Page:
Surreal and haunting - that's how the Indian short films selected for the 65th Berlin International Film Festival are being described. Renowned filmmaker Amit Dutta's Chitrashala and FTII (Film and Television Institute of India) graduate Satindar Singh Bedi's Kamakshi will be competing for top honours in the short film category at the Berlinale, among only 25 other films from 17 countries.
Enhancing the Indian presence is documentary filmmaker and curator Madhusree Dutta, who will be part of the international short film jury.
Calling the film festival "one of the most critically evolved in the world", Dutta says the fact that the prestigious event has been around so long is part of its enduring appeal. Its 65th edition will open on February 5.
"I remember, on my last visit to the festival in 2010, it was snowing heavily. Yet even a screening that ended at 2 am had a packed hall. The only thing that would come anywhere close in India is the International Film Festival of Kerala. The Berlin audience is very well-informed and keeps track of various trends in filmmaking."
The Indian contenders for the short film prize, each in their own way, use mythology as a reference point in their films.
Thirty-seven-year-old Amit Dutta's Chitrashala (Hindi for House of Paintings) explores a museum in Jammu that was once a palace and is now a repository of 40 miniature paintings from the Himalayan region. In the film, the depictions on canvas come to life as animated characters, to narrate the story of King Nala and his wife Damyanti from the Hindu epic Mahabharata.
Though the tale is a simple narration of their love, courtship and engagement, Amit uses the device to recreate to haunting effect the intricacies of miniature art - as he had done in his earlier work, Nainsukh (2010), which was a biopic on the 18th-century miniaturist of that name.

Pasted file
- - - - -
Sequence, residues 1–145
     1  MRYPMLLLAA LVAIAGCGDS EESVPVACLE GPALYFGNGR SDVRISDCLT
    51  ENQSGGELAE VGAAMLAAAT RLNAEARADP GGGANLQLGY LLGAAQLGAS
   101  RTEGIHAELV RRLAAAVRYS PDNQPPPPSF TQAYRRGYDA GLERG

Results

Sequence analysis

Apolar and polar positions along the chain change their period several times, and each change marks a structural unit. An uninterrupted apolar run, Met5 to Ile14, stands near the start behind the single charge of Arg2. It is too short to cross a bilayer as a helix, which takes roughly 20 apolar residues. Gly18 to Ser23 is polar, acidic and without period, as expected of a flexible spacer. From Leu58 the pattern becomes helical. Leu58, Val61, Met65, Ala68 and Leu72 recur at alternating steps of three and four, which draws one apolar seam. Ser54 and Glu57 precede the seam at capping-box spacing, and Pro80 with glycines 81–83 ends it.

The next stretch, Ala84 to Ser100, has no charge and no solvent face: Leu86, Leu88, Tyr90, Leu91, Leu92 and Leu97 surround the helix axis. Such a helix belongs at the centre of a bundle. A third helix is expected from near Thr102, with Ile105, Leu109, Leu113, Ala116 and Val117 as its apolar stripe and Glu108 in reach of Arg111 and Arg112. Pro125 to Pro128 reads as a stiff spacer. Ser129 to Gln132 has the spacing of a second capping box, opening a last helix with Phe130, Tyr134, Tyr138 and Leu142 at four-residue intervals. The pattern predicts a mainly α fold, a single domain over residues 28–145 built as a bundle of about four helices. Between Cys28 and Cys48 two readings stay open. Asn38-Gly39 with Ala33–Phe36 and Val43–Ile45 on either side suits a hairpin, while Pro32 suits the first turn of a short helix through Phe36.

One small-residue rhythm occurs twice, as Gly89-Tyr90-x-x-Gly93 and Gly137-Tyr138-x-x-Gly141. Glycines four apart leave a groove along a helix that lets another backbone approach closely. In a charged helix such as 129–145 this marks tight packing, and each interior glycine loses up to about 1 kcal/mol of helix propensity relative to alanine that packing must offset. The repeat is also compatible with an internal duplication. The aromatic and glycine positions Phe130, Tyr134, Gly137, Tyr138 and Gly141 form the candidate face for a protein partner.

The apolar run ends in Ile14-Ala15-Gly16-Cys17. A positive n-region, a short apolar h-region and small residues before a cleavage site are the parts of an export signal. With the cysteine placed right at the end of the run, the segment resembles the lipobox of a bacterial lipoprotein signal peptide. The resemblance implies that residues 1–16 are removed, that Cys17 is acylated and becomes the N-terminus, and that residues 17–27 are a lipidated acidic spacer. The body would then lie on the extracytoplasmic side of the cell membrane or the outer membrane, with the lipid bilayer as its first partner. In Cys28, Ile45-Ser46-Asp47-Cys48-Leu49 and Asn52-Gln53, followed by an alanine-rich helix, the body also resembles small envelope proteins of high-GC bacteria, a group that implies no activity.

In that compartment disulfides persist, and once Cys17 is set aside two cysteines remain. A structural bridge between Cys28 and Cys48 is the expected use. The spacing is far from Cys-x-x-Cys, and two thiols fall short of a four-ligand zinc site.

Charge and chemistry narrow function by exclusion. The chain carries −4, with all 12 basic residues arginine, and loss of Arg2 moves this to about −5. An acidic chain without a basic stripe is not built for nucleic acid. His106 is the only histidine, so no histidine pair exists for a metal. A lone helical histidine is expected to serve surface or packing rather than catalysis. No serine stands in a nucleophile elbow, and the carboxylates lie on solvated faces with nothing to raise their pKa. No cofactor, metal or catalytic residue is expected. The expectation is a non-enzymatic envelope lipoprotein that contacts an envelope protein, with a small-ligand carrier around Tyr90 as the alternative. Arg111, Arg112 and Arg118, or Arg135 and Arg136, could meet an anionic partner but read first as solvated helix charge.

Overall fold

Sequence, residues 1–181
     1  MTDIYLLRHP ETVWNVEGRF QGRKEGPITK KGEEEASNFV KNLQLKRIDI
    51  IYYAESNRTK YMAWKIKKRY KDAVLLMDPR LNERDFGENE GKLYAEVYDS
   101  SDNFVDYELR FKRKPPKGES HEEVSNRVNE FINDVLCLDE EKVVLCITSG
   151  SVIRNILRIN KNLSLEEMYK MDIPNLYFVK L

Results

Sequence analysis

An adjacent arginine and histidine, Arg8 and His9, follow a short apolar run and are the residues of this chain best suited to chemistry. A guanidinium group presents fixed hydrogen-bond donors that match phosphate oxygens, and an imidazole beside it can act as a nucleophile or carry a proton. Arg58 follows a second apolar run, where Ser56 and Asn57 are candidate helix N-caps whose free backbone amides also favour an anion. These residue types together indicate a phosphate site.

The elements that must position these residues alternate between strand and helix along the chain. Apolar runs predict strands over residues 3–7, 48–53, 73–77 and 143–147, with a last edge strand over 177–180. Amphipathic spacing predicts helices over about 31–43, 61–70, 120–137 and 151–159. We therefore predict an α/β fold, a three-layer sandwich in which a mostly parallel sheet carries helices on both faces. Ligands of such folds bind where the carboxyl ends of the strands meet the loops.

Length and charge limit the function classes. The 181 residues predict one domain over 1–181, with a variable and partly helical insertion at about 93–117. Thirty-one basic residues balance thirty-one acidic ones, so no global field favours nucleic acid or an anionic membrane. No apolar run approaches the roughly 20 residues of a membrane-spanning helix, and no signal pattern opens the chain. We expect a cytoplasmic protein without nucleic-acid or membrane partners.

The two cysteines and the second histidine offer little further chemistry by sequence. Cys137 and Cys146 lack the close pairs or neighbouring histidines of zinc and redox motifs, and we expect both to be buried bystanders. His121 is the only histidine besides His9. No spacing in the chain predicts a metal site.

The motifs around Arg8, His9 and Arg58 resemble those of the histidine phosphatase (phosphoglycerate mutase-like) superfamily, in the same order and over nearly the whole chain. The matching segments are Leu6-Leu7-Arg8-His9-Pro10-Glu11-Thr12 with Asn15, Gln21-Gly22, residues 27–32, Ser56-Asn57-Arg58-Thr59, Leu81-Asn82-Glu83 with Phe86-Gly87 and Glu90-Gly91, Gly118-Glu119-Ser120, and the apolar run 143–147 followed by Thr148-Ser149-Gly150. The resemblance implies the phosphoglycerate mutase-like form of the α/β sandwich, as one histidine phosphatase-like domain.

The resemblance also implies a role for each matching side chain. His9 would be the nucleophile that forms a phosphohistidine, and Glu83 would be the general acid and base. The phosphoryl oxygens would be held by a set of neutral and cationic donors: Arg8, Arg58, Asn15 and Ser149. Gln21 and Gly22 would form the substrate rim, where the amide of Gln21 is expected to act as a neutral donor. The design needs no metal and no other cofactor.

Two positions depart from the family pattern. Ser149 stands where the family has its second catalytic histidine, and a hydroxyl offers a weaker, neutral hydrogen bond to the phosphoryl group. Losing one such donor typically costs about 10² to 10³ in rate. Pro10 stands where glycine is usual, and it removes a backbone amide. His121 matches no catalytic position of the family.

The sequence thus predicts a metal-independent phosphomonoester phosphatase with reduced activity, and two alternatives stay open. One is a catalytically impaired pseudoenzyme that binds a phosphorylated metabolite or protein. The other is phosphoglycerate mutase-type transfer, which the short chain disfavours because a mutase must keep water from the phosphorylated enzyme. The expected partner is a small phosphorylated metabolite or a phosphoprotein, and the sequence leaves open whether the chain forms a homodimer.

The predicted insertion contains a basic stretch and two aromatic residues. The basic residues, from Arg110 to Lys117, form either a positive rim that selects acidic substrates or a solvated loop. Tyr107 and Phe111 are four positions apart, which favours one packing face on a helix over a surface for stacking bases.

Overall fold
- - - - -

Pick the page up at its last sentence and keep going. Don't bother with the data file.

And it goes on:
Mythology resonates also in the Marathi film Kamakshi, made as a part of Bedi's direction course at the FTII. Premised on the titular goddess of compassion and wish fulfillment, the film is a play on the pivotal scene from the Hindu epic Ramayana, where the warrior-king Rama's wife Sita asks Mother Earth to swallow her up after her morality and fidelity are questioned.
Shot in black and white, in the hinterland of Maharashtra, the film follows an old woman as she digs pit after pit in the dry arid soil, in search of water. Eventually the film drifts into surrealism. The woman discovers a ditch and a young girl standing at its edge; hallucinatory imagery eventually gives way to colour in the end.
"The idea for Kamakshi just came to me, without preamble," says Bedi. "Perhaps what inspired me was an image from the film Andrei Rublev , where the protagonist is burning muck in fire and someone is scolding him, egging him on, and he doesn't reply, just looks up… that one look."
The Jammu-born Amit Dutta is a four-time National Award winner best known for Kshy Tra Ghya (2004), Nainsukh (2010), The Man's Woman and Other Stories (2009) and The Golden Bird (2011). He has also bagged the FIPRESCI prize from the International Federation of Film Critics, and a special mention at the Venice Film Festival.
Bedi, on the other hand, showed his student production, Ru Cube, at the International Film Festival of India in 2011. The two entries are now vying for the prestigious Golden and Silver Bear awards, and a possible recommendation by the international jury, which will select one film as a nominee for the European Film Awards to be held later this year.